• The final inspection report was issued to RBSI by the Authority on 23 November 2021.
    • RBSI has engaged promptly and positively with the Authority throughout this matter in a timely and constructive manner.


  1. Key Findings from the Investigation

Contraventions of the Code identified by the Inspection included:

    • RBSI was unable to demonstrate that its up to date Customer Risk Assessment process was brought into use in a timely manner following the introduction of the Code. This resulted in 2,239 non-personal customers, on-boarded between 2015 and 2018 (and not rated high risk), having inadequate documented Customer Risk Assessments taking into account the applicable requirements of the Code (paragraph 7 of the Code), albeit these customers were still subjected to a risk rating to a pre-2015 standard during that period.


  1. Key Learning Points for Industry
    • Compliance with the Code and its subsequent iterations is a legal requirement; the Authority is committed to taking appropriate and proportionate action to address contraventions of the Code.
    • Procedures and controls are a legal requirement and a fundamental part of a relevant person’s internal risk framework as they protect its staff, business and communities from the threat and / or abuse by criminals or those assisting/enabling criminals. As new legislation and documents are issued domestically it is important for licenceholders, and other relevant persons, to review and update procedures as necessary.
    • The money laundering/terrorist financing risks posed by certain business relationships demonstrates the increased importance of on-boarding processes (including appropriate documentation and evidencing of risk assessments, sign off, conducting effective ‘Enhanced Customer Due Diligence’ and enhanced ongoing monitoring). The absence, or ineffectiveness, of these controls will affect a relevant person’s ability to conduct effective and appropriate monitoring, including scrutiny of transactions, which in turn may result in unusual or suspicious activity not being identified in the appropriate circumstances. Without the appropriate effective procedures and controls being in place, or not being operated adequately, a relevant person will be unable to effectively manage and mitigate the risks of money laundering/terrorist financing (as appropriate) and to conduct the business utilising a risk-based approach as required by the Code.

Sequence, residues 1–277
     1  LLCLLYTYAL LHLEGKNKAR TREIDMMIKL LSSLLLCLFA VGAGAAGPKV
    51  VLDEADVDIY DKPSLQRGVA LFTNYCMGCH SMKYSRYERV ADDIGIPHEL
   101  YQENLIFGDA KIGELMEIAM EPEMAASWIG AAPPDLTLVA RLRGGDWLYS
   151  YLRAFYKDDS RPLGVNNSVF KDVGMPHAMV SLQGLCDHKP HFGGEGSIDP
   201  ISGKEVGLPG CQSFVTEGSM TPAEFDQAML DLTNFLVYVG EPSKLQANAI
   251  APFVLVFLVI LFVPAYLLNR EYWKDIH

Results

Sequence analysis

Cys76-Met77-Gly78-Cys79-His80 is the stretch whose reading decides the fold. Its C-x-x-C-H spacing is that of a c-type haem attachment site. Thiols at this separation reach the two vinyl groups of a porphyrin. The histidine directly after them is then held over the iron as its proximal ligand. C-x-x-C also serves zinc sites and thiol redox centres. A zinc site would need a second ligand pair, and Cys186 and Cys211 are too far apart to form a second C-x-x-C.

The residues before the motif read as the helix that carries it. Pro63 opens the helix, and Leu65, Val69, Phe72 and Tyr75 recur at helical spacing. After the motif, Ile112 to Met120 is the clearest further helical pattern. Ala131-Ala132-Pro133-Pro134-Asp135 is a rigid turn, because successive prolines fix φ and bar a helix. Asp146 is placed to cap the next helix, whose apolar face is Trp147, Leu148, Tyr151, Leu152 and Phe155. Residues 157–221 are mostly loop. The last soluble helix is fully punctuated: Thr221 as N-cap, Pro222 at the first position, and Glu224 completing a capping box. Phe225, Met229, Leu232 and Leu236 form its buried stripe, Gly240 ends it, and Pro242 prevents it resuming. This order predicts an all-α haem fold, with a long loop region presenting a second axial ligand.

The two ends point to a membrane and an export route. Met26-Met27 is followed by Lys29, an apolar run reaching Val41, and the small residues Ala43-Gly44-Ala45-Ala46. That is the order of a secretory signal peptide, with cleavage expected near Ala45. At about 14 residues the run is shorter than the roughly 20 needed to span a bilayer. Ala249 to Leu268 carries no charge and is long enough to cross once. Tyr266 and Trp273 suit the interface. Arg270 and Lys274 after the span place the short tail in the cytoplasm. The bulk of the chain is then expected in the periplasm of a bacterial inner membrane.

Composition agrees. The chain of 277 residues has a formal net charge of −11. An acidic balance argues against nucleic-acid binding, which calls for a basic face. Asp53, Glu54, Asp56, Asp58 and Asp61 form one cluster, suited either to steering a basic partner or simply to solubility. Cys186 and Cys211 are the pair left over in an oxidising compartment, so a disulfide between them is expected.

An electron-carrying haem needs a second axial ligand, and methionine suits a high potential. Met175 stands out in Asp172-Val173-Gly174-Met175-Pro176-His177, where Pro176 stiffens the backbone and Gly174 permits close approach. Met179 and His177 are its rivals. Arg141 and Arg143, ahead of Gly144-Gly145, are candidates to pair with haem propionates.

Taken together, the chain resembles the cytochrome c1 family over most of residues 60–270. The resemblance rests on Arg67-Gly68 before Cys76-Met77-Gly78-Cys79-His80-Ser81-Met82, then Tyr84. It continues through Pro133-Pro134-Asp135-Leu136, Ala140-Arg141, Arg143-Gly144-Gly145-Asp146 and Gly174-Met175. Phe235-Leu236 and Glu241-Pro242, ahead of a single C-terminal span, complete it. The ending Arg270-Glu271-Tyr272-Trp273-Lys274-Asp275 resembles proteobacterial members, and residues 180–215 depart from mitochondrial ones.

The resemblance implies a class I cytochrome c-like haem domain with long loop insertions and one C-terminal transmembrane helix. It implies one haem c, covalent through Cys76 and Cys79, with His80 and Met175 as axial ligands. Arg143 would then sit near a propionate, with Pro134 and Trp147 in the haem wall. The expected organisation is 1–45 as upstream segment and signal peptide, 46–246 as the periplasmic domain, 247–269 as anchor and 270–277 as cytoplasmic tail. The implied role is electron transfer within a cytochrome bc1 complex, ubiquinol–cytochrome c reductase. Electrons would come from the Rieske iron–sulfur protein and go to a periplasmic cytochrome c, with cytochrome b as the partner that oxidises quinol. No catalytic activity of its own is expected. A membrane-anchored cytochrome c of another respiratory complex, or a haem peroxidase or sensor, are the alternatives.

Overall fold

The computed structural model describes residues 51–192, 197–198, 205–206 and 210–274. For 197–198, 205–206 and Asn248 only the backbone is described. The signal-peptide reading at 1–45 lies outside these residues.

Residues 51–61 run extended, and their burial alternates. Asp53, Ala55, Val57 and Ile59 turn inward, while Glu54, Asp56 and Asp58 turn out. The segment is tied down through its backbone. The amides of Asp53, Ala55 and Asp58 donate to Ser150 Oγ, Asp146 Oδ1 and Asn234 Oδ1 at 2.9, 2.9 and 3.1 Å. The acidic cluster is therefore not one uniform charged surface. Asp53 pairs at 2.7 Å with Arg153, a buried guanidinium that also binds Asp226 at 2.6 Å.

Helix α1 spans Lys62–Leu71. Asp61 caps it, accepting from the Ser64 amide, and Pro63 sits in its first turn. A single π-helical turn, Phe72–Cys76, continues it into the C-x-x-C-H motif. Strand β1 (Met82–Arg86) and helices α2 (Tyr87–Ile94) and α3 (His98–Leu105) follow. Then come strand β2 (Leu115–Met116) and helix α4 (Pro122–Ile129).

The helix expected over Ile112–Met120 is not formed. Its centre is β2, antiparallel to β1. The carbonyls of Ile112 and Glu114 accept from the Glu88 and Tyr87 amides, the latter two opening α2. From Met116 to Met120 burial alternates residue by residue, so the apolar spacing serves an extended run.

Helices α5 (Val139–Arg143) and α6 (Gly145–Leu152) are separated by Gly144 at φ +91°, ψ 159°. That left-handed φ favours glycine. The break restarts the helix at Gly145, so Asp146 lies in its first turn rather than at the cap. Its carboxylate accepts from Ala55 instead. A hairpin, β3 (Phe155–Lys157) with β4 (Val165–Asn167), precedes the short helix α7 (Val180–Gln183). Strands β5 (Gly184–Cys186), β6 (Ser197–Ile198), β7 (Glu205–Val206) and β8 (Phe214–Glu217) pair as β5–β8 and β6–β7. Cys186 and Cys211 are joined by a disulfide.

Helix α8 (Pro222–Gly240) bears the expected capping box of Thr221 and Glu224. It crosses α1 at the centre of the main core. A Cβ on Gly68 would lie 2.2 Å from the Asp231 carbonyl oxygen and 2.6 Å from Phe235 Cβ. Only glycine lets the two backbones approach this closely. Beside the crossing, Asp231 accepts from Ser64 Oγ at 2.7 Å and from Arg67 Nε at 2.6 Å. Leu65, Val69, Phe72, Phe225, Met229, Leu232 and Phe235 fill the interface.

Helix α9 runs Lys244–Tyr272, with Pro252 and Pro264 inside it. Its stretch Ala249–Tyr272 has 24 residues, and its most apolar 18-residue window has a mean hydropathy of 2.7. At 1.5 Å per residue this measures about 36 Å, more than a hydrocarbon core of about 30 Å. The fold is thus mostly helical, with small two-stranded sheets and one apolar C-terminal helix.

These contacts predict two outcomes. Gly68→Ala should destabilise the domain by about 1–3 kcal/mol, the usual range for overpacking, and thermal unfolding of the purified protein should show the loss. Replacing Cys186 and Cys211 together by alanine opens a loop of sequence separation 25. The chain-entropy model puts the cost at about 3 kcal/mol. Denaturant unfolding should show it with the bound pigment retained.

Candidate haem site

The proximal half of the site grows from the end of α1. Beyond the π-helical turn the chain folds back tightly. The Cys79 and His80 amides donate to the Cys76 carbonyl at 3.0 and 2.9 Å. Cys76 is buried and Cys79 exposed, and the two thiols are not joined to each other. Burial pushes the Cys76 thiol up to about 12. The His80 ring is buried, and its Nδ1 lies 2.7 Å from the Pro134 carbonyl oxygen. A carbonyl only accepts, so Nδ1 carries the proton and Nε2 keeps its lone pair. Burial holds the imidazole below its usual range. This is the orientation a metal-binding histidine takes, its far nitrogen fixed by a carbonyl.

• There are a number of powers available to the Authority to address identified instances of non-compliance with the Code. The Authority’s powers include, but are not limited to, the issuance of directions and / or public statements as well as the imposition of civil penalties or the commencement of criminal proceedings under the relevant legislation. The particular circumstances and the nature of an entity’s non-compliance with the Code will determine the action(s) taken by the Authority.
    • Active engagement and cooperation with the Authority provides the best possible opportunity to resolve matters in a timely and constructive manner and, where appropriate, to minimise the likelihood of the Authority taking further action in relation to instances of non-compliance with the Code.
    • The Authority will publish details of ongoing and concluded matters when it is in the public interest to do so.